Glastonbury Festival 2010
It was whilst sat in the Park area of Glastonbury’s vast site that we realised no amount of posh kids could fully sap the festival’s life force, or discredit its good intentions. That’s Glasto’s cancer, y’see – horsey toothed girls slumming it in last season’s Miu Miu wellies and sneering at greebos with nameless macks and elaborate piercings you could pass a sausage through while Henry calls his dealer who takes cards and give receipts. That and a lineup that seems to be growing less alternative by the year, which in turn acts like a bit of a wanker magnet.
Before our epiphany in The Park, we’ve seen a teenager apply fake tan on the train station platform, Stato’s Stag Fest party (easily spotted by their England football shirts) and the bendy one from T4. And then, in the far corner of the festival’s site, a little west of The Stone Circle, we noticed that the bunting was made from children’s clothes (in a non creepy way), and that the poles hoisting them up were hand painted with flowers and stripes and stars. And that the wind chimes nearly matched. And other things. In short, we noticed – as one does while waiting for Henry’s dealer every year – the bespoke details that still reach every corner of Glastonbury despite it now being 900 acres wide and open to 180,000 people.
So we stopped moping because we’d seen too much boxed wine already, forgot that even Bono had turned his back on Glastonbury and once again set about exploring what will be the greatest festival in the world for as long as the bunting is made out of children’s clothes and expressive, sloppy paint jobs are encouraged on just as many static objects as moving ones from the home counties.
1. Thom Yorke & Johnny Greenwood – The Park – 8.25pm
There are two ‘official’ secret sets at Glastonbury these days, both at the picturesque, modestly sized Park stage as the sun sets on the Friday and Saturday of the festival. What with Glastonbury being a place for spreading rumours like muck in a Portaloo, there’s much speculation as to who it might be this year, with plenty of false leads that eventually disappoint Strokes and Coldplay fans. Anyone who doesn’t settle for a Thom Yorke set of solo highlights, followed by a handful of Johnny Greenwood-enhanced Radiohead hits might as well go home now, though.
With this being Glastonbury’s 40th, there is a certain sense that anything could happen, and then, as we huddle around the stage and pray that it’s not Pete Doherty, it does. Michael Eavis pops up in shorts so short that we really must be in his house, soaks up the “Eeeaaavis!” chants for a second, looks embarrassed and says, “I’m not going to name them but please welcome two complete legends of music.” Thom Yorke then jogs on in Royal Tenenbaums garb (well, a sweatband, at least) to cheers of relief and smug points of ‘I told you!’. He plays everything we wanted to hear from his ‘Eraser’ album, perfectly and poignantly, before Johnny Greenwood shows up to play on ‘Weird Fishes/Arpeggi’, ‘Pyramid Song’, ‘Idioteque’, a rendition of ‘Karma Police’ that makes people cry and ‘Street Spirit (Fade Out)’. Tomorrow night it’s Biffy Clyro – poor buggers.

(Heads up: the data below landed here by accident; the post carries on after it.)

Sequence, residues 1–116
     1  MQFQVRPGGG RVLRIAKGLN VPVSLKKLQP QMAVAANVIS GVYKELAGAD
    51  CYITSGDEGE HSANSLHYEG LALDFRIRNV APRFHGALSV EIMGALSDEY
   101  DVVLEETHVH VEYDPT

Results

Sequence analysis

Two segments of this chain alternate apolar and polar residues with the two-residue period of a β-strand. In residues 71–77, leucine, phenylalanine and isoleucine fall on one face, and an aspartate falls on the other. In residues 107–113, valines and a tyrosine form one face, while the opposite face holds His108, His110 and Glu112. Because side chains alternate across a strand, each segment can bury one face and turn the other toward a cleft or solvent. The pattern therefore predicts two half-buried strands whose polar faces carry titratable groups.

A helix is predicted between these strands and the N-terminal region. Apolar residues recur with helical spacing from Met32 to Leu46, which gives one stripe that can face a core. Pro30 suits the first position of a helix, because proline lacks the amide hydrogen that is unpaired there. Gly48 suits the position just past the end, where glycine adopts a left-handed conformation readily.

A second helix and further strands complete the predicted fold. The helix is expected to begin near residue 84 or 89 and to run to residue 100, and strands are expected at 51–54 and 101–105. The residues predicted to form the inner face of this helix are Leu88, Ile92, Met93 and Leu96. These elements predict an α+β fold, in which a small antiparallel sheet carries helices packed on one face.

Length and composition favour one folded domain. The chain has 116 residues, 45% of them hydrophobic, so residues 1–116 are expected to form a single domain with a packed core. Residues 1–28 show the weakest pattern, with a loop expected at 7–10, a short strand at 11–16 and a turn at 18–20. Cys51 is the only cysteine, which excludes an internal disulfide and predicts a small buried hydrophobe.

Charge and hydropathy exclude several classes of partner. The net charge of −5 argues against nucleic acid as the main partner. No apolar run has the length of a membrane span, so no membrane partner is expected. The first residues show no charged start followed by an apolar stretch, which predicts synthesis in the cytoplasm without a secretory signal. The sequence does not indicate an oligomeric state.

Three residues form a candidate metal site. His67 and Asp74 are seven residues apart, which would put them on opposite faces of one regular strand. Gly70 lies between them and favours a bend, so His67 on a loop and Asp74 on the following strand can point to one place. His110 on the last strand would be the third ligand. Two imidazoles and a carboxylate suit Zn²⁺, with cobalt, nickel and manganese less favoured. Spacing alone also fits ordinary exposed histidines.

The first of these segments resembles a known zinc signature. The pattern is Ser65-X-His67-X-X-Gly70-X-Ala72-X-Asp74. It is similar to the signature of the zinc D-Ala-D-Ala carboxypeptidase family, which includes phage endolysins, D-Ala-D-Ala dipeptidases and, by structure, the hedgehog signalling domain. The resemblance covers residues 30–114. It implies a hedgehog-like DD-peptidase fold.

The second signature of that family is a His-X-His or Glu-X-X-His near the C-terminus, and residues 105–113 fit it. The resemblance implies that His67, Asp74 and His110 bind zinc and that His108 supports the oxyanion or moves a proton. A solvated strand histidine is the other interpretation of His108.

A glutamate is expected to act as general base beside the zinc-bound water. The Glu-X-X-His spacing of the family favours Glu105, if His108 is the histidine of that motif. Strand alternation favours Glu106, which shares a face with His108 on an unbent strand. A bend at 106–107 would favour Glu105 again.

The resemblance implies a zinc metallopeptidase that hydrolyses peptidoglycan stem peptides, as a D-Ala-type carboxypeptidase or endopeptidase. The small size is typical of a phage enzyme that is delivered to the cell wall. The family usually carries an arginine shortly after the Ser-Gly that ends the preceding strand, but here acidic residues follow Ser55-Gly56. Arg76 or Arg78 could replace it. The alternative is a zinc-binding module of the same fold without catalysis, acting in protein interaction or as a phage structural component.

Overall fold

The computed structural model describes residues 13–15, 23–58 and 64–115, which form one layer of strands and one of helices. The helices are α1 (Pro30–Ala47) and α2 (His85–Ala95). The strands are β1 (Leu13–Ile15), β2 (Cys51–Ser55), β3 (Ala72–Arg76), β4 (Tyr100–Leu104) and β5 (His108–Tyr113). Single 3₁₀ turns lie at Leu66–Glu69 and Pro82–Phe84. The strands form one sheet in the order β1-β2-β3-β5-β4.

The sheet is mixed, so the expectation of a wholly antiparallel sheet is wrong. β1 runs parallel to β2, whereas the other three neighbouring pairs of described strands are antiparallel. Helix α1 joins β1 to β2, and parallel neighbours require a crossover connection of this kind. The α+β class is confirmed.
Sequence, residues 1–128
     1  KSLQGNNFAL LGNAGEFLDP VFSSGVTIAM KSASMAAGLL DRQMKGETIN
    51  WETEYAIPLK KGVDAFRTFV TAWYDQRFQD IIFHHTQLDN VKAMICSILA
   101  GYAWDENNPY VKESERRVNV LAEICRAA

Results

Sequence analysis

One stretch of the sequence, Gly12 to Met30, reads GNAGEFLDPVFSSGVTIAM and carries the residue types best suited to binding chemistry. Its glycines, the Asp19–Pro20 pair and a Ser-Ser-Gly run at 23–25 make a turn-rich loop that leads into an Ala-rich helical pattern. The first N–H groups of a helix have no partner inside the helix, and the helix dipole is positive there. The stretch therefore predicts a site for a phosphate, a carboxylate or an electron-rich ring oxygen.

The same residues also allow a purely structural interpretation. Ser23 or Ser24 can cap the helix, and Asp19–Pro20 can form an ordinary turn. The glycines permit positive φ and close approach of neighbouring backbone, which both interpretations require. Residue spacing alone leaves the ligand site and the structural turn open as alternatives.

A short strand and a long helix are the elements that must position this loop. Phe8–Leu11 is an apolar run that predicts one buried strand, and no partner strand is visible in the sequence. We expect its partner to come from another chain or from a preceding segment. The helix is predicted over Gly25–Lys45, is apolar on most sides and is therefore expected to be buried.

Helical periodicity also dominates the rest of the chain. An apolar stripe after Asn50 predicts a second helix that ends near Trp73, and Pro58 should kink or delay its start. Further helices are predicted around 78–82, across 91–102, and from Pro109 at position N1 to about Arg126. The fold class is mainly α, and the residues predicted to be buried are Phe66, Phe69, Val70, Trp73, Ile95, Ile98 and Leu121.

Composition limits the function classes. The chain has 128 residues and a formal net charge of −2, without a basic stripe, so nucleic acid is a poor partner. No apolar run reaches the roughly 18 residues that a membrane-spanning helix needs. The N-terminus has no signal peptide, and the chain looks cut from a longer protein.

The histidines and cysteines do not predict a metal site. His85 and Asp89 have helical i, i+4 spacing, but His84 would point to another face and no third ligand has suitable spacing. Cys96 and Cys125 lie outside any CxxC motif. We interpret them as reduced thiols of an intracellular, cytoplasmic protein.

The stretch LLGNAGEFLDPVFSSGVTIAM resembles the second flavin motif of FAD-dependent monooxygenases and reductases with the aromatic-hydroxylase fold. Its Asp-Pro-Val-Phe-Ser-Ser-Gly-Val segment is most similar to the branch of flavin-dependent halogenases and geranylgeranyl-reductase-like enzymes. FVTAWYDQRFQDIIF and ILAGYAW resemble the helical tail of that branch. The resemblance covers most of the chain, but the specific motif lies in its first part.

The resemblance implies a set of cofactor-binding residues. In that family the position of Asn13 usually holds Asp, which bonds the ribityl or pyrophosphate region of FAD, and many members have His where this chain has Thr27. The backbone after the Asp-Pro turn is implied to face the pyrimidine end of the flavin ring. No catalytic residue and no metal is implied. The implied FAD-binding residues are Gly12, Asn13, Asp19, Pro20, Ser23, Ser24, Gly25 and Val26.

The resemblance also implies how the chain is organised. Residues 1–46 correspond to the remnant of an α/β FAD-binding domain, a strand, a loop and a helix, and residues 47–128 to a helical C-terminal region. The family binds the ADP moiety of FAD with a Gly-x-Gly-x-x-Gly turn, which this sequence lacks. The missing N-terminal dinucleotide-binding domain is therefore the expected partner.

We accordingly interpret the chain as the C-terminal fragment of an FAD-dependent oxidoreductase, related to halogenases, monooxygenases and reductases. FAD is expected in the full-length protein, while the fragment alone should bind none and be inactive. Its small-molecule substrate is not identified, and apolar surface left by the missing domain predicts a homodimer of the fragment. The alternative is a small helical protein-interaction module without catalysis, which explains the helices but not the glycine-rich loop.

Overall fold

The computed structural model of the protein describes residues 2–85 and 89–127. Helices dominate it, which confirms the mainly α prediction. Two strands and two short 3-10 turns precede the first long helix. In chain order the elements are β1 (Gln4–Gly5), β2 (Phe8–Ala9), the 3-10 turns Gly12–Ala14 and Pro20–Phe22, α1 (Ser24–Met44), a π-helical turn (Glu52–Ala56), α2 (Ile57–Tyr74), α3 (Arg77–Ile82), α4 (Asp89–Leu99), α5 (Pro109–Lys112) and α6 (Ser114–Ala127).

2. Shakira – The Pyramid Stage – 6.45pm – Saturday 26th
If some women use sex as a weapon, Shakira is packing enough naughty semtex and saucy explosive charges to wipe out the Universe, which is fine by everyone in front of The Pyramid Stage, just as long as she finishes her set of south American carnival pop bangers first. For all the outrageous gyrating, the needless tossing of water on her chest, the speaker humping and simulated striptease every now and then, the Columbian too famous to go home for fear of being kidnapped is also brilliantly dramatic in song, courageously proud in her choice to sing five numbers in Spanish and wholly endearing as she cutely interacts with the crowd. She may be fit and know it, but she’s also charming and wide-eyed enough to keep everyone on side. And she’s armed with ‘Whenever, Wherever’, which is let loose second in the hour-long set, the beastly disco throb of ‘She Wolf’ that has us howling as one and ‘Hips Don’t Lie’ – the best pop song since ‘Toxic’ that rightly ends this passionate pop party before the lot of us go blind.
The show is a credit to Glastonbury and it’s goers. If this had been Reading, Shakira would have been bottled by a crowd too afraid of having a good time in their HIM hoodies. Here she’s given the chance she deserverse and if this is the way Glastonbury is heading – with good-time world pop stars on the Pyramid instead of dreary indie bands who aren’t ‘indie’ in the slightest – it’s nothing but a good thing.
3. Gorillaz – The Pyramid Stage – 10.00pm – Friday 25th
Some (well, most, from the sound of the grumbles around us on Friday night) will have you believe that Gorillaz’ headline set would have been more thrilling if U2 had in fact shown up to only play ‘The Sweetest Thing’ twenty times over… instrumentally… at half speed. That doesn’t bare thinking about, and those people are idiots.